Research News

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Food, Mood &

Gut Bacteria

 

 

 

 

 

 

A recently published review provided an overview of the biological processes that underlie our eating behaviour and the role the gut microbiota plays in this. It also discusses how psychiatric disorders such as depression/anxiety are related to feeding behaviour and the role of the gut microbiota in this. 

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The way we eat is controlled by two key neural circuits: a homeostatic circuit; aimed to regulate the energy stores of our body, and a hedonic circuit: the brain’s reward system that makes us feel good while/after eating. Energy regulation is primarily controlled via the hypothalamus, the control centrum of the central nervous system. The pleasurable feeling of eating is controlled by the brain’s dopamine pathway.  

To provide feedback regarding the status of the body, the GI-tract communicates with the brain, but also the other way around does the brain send signals to the gut. This constant communication is also known as the gut-brain-axis. The gut microbiota is an important component in determining the status of the gut and transmitting signals to the brain. A disrupted microbial balance may cause GI distress and relations have been found in a growing lists of disorders including diabetes, cancer and psychiatric illnesses.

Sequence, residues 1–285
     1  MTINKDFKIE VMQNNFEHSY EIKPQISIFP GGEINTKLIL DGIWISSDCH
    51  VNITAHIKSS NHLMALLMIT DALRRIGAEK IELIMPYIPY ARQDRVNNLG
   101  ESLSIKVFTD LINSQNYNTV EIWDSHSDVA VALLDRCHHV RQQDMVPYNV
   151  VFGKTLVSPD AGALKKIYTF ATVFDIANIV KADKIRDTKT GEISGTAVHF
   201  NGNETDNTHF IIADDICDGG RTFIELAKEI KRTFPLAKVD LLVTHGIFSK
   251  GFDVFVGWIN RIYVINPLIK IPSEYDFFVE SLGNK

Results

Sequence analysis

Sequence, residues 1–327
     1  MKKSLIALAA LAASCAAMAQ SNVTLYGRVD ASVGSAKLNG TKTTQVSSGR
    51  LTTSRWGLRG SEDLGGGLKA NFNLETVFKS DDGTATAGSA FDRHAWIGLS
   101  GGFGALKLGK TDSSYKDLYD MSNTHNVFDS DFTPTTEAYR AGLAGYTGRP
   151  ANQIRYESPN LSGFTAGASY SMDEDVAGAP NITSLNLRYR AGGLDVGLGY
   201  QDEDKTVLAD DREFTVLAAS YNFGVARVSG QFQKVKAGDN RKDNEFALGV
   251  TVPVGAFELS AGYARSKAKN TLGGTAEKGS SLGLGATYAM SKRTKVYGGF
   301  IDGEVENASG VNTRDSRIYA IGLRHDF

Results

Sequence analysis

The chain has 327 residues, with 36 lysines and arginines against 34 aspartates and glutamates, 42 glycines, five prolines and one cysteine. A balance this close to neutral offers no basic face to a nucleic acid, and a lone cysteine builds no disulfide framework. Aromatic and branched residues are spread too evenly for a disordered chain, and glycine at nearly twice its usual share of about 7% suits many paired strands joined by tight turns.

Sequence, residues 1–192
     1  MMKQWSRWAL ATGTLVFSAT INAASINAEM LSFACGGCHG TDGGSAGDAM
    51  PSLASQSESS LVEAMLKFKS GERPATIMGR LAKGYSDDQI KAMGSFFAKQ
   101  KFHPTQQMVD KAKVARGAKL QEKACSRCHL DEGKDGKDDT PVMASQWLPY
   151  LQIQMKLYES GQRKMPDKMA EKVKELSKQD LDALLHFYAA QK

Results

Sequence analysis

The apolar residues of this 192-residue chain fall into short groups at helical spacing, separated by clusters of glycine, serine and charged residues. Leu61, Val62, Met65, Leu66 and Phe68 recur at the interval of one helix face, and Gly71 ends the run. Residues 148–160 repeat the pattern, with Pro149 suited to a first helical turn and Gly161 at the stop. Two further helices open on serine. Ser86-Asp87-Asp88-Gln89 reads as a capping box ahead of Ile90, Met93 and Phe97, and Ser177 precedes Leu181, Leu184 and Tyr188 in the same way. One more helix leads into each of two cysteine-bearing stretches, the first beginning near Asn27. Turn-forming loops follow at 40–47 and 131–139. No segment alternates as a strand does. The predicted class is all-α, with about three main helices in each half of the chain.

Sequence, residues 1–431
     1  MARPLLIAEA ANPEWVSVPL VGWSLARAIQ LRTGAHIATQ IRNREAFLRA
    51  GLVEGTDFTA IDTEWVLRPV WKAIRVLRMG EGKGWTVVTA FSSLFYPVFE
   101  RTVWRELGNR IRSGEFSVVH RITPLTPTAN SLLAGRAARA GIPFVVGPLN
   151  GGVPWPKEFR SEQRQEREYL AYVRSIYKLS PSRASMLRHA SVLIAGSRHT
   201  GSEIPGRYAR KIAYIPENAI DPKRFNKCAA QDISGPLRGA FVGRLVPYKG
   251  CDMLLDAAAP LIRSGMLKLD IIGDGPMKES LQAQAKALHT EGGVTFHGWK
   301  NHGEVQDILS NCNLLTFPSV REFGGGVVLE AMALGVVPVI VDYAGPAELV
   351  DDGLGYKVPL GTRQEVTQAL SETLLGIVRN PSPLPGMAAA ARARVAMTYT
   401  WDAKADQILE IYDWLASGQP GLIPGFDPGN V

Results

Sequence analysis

Probiotics can help to balance the dysfunction in gastrointestinal systems often seen in patients with psychiatric illnesses

A common precipitating factor for psychiatric illnesses is stress. Stress has been shown to impair the epithelial barrier of the gut resulting in reduced intestinal permeability and an heightened immune activity. Environmental and dietary stress has been sown to decrease the Lactobacilli and Bacterioides populations and increases Clostridium species of the gut microbiota.

Due to this strong interaction between the gut and the brain,  the gut microbiota is gaining more and more attention as a modulator of psychologic processes and mental health. A stronger integrations of GI symptoms and changes in feeding behaviour within the psychiatric clinical context and how these are affected by the gut microbiota could possibly produce novel adjuvant treatments for psychiatric illnesses. Probiotics could eventually be integrated within clinical interventions to improve these symptom profiles.

 

 

 

 

Read the scientific article 

 

 

 

 

 

 

Food, Mood and gut bacteria

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